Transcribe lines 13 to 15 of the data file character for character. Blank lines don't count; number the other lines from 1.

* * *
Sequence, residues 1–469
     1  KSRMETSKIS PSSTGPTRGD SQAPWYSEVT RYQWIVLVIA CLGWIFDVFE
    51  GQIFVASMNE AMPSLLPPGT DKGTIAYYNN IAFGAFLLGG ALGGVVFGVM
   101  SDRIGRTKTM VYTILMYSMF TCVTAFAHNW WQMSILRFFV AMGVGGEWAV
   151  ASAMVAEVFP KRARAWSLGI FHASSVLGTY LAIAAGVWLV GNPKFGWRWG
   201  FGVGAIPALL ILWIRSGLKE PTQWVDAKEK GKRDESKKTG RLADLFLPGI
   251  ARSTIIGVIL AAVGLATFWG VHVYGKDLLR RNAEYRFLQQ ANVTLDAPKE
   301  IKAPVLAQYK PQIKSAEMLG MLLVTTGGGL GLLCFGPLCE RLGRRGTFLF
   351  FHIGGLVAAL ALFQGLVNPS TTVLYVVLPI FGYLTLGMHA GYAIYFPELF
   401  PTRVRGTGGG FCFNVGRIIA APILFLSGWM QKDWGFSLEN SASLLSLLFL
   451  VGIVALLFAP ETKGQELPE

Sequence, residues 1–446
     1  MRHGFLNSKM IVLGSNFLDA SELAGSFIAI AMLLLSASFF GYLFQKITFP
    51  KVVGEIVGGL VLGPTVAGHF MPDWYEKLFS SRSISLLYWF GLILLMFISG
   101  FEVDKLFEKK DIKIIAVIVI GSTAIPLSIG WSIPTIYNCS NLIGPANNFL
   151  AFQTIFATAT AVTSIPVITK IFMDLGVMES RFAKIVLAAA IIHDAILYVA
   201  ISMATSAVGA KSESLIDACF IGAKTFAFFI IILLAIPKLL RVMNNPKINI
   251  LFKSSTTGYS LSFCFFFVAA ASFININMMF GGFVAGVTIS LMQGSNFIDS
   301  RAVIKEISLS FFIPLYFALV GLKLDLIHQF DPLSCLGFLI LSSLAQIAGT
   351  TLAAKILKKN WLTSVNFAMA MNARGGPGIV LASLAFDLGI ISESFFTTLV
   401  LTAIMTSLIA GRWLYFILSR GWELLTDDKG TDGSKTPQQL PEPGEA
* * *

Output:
     1  MRHGFLNSKM IVLGSNFLDA SELAGSFIAI AMLLLSASFF GYLFQKITFP
    51  KVVGEIVGGL VLGPTVAGHF MPDWYEKLFS SRSISLLYWF GLILLMFISG
   101  FEVDKLFEKK DIKIIAVIVI GSTAIPLSIG WSIPTIYNCS NLIGPANNFL